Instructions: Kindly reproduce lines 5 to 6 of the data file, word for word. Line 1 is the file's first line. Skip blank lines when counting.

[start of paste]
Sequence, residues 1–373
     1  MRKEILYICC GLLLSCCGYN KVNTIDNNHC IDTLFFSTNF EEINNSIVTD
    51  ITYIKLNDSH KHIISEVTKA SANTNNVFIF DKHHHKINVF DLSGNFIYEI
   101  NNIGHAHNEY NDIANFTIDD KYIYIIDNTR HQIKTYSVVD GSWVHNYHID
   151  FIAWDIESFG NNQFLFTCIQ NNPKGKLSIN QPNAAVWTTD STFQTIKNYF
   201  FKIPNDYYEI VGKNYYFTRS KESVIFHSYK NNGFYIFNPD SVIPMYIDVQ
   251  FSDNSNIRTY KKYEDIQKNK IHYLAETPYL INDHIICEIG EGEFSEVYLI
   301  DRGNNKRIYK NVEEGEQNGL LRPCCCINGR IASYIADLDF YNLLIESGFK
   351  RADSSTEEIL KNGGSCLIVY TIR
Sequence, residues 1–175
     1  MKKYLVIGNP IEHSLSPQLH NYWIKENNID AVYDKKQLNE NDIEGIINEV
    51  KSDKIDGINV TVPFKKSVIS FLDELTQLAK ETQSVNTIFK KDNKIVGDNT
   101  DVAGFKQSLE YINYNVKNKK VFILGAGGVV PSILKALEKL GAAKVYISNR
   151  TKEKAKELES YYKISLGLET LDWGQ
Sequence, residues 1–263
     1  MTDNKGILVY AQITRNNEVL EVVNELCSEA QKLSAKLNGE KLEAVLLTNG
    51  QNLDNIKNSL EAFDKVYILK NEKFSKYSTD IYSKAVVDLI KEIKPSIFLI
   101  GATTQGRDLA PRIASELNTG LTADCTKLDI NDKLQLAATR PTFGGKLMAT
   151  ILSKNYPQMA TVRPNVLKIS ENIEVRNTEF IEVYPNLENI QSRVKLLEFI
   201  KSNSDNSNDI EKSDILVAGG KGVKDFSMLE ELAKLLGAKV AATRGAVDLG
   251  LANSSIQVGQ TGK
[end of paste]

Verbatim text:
   151  FIAWDIESFG NNQFLFTCIQ NNPKGKLSIN QPNAAVWTTD STFQTIKNYF
   201  FKIPNDYYEI VGKNYYFTRS KESVIFHSYK NNGFYIFNPD SVIPMYIDVQ